Two Kansas City area startups have attracted fresh venture capital from investor groups to expand their businesses.
EyeVerify Inc., based in Kansas City, Kan., on Wednesday said it had lined up equity funding of more than $6 million from a Chinese security company, Qihoo 360 Technology, plus Wells Fargo and Sprint.
But the largest deal, also announced Wednesday, involved FarmLink. The Kansas City agribusiness company said it had obtained $40 million from venture capitalists, led by OpenAir Equity Partners. The other investors named were Thorndale Farm LLC, Don Walsworth, John Rose and Early Investments.
FarmLink recently launched a benchmarking tool that aims to more accurately show farmers the performance potential for their corn, soybean and wheat fields. The TrueHarvest Benchmark analyzes yield information on millions of acres and uses other publicly available data to give farmers crop production information.
“As the only provider of yield benchmarking in agriculture, FarmLink is changing how farmers measure performance and make investment decisions,” Ron LeMay, FarmLink’s chairman and chief executive, said in a statement. LeMay is a former Sprint president.
FarmLink said the investment funds came on the heels of the company’s partnership with the American Soybean Association. The partnership, called Operation Benchmark, will provide the TrueHarvest technology to the association’s members and other prospects, FarmLink said.
The company said its benchmarking system identified at least $11 billion in unrealized crop yield potential for U.S. soybean and corn farmers in 2013.
EyeVerify has patented biometric technology that uses “eyeprints” instead of passwords or fingerprints for identification on smart devices. The company designed software for mobile device cameras to capture images of blood vessels in the whites of the eye and match the image to confirm identity.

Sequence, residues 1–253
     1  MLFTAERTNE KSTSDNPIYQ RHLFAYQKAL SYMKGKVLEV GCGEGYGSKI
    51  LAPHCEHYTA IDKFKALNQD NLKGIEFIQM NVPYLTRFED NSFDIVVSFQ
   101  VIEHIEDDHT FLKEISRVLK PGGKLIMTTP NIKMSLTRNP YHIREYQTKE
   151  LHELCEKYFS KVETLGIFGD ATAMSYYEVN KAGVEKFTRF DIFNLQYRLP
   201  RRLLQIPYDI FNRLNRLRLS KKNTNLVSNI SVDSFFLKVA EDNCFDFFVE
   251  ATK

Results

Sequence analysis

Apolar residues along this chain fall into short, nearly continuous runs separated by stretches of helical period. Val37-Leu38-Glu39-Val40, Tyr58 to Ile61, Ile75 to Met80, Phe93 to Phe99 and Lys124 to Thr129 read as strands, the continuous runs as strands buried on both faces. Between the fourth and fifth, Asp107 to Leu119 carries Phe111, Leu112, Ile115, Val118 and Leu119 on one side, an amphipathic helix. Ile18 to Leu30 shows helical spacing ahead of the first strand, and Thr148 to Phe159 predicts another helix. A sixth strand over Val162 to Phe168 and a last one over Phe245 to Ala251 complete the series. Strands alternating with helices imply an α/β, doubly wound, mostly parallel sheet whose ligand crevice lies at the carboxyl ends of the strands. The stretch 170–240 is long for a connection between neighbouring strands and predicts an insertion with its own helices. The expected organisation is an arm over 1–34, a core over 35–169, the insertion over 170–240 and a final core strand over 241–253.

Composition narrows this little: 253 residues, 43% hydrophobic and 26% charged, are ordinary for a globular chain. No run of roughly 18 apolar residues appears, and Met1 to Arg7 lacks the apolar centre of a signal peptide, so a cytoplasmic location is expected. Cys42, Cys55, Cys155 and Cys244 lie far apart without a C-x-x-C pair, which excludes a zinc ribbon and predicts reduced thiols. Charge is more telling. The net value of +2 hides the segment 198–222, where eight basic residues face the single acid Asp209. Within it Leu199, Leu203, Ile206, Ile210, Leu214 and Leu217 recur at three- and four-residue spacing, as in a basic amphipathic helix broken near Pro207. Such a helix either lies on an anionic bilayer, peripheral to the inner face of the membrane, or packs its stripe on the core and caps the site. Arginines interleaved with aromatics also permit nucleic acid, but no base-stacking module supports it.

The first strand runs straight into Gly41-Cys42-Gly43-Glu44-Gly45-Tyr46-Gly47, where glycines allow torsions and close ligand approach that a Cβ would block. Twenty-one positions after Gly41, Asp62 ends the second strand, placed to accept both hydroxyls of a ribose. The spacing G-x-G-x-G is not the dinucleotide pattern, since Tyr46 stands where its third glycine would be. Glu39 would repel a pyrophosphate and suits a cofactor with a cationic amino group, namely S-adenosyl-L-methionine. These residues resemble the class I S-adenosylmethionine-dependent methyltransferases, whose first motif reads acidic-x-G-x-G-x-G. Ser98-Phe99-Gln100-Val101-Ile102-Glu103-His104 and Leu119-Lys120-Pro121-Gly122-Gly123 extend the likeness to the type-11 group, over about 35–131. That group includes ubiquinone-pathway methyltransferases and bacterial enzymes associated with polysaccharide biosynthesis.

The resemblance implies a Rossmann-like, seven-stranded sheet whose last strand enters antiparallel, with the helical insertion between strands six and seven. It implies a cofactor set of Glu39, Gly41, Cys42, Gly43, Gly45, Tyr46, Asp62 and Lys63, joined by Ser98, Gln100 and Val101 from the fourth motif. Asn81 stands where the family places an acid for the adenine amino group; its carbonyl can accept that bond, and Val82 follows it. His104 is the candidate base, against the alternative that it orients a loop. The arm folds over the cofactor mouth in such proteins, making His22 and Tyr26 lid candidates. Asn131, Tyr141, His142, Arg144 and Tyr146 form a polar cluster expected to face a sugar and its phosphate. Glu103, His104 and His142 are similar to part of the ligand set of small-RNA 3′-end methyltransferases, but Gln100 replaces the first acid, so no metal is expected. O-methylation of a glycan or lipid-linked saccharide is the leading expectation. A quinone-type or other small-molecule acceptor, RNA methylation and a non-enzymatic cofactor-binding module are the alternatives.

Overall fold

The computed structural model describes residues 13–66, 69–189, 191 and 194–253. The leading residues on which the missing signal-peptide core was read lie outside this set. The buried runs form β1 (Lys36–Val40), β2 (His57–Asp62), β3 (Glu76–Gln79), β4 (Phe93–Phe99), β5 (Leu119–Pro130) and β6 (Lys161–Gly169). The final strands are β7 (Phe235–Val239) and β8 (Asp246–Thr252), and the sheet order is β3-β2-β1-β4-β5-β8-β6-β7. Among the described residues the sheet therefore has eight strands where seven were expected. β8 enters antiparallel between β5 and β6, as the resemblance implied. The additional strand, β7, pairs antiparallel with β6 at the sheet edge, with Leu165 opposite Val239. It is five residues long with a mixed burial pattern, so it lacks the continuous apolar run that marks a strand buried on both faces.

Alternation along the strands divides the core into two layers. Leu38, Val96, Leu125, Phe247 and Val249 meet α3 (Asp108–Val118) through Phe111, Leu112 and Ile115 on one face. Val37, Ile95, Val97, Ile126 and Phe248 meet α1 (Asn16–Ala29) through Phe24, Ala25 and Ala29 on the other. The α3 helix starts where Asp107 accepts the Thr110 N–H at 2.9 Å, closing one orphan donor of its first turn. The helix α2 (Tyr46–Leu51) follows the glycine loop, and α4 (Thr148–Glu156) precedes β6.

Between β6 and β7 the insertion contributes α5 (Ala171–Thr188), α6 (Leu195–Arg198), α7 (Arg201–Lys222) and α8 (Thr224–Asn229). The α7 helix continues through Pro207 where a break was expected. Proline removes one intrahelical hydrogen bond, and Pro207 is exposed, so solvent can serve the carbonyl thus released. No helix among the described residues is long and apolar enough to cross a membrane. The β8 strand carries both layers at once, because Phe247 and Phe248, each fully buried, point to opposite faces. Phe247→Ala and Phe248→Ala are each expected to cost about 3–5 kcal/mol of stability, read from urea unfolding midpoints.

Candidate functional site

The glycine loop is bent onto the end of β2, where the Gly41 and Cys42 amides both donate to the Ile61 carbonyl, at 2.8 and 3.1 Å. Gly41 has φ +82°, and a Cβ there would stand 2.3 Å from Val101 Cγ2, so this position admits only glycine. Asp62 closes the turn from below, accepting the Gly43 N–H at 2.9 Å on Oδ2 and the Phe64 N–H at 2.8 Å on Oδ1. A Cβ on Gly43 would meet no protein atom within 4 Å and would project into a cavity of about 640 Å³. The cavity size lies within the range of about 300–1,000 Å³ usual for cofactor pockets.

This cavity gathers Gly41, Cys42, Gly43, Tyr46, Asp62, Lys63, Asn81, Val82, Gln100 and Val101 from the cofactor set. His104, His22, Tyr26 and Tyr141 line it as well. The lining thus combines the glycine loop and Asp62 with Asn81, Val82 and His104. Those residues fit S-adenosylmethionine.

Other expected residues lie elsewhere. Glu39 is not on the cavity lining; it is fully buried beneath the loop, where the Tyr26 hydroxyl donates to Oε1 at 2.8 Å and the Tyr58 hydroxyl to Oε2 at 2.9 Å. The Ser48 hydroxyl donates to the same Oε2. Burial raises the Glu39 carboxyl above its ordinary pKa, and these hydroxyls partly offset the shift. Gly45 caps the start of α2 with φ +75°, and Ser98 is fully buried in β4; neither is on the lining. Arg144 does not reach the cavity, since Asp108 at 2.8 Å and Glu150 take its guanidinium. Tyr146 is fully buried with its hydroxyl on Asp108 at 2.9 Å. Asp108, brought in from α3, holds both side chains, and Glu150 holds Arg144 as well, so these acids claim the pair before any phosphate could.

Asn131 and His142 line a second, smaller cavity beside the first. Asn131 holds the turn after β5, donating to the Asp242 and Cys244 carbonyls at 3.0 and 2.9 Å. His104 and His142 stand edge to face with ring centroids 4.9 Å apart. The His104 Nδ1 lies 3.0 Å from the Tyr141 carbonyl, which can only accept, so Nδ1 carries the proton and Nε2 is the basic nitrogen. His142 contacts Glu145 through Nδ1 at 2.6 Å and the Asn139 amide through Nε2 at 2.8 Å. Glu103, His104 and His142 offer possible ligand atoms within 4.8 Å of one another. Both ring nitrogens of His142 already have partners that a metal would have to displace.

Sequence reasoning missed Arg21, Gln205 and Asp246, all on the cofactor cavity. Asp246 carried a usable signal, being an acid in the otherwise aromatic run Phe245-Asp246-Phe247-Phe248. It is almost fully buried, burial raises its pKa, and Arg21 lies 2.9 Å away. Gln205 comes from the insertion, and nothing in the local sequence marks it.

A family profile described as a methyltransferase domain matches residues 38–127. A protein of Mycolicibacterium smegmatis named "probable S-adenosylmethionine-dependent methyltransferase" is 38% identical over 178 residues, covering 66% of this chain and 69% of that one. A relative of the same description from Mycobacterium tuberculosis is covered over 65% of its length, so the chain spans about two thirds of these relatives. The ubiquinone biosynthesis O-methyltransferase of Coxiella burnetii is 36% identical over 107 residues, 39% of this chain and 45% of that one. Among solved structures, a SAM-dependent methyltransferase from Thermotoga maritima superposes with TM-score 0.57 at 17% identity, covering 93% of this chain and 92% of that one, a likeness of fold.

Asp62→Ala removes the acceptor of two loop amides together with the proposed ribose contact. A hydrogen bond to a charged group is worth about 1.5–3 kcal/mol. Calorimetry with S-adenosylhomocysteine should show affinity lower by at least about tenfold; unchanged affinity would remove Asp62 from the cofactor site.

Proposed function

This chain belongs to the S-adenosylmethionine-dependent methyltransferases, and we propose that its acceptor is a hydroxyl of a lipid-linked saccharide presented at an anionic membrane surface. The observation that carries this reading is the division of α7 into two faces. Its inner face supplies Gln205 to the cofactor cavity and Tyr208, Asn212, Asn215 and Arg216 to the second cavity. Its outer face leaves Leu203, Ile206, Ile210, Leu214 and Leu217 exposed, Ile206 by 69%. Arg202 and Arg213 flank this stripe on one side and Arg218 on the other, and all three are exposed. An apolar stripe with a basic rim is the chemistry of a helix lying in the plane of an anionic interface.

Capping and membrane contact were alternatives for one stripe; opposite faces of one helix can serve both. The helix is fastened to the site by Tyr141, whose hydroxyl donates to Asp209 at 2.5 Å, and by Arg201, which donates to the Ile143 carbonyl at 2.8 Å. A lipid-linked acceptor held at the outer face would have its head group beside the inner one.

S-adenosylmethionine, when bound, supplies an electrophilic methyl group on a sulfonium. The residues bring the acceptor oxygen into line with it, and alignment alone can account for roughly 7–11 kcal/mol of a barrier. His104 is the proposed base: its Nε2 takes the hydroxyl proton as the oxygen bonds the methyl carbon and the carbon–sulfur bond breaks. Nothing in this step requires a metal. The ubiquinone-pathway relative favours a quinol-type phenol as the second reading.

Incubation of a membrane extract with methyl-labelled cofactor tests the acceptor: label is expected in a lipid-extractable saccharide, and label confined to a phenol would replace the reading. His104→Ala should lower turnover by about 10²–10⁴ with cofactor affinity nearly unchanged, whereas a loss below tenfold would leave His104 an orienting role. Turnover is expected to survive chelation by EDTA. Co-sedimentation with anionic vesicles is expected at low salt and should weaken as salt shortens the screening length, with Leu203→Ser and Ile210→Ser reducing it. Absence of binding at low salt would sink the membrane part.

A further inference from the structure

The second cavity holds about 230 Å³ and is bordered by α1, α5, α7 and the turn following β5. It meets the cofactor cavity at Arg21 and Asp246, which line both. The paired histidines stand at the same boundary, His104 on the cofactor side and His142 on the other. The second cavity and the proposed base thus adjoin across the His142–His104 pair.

The investments bring EyeVerify’s total fundraising to about $10 million since it was founded, based on an idea developed by Reza Derakhshani, an associate professor of computer science and engineering at the University of Missouri-Kansas City.
Entrepreneur Toby Rush heads the company, which has brought the technology to market.
“No marketplace validation could be stronger than strategic investments by giants in the mobile space,” Rush said in a news release announcing the funding.
The new Series A funding round will allow EyeVerify to “drive mass adoption” of its technology into the financial service, mobile security, telecom, health care and government industries, company officials said.
EyeVerify reached international attention in 2013 when it won a Dutch-based entrepreneurial competition. It became an initial participant in the Wells Fargo Startup Accelerator, an innovation boot camp for entrepreneurs working in the mobile security arena.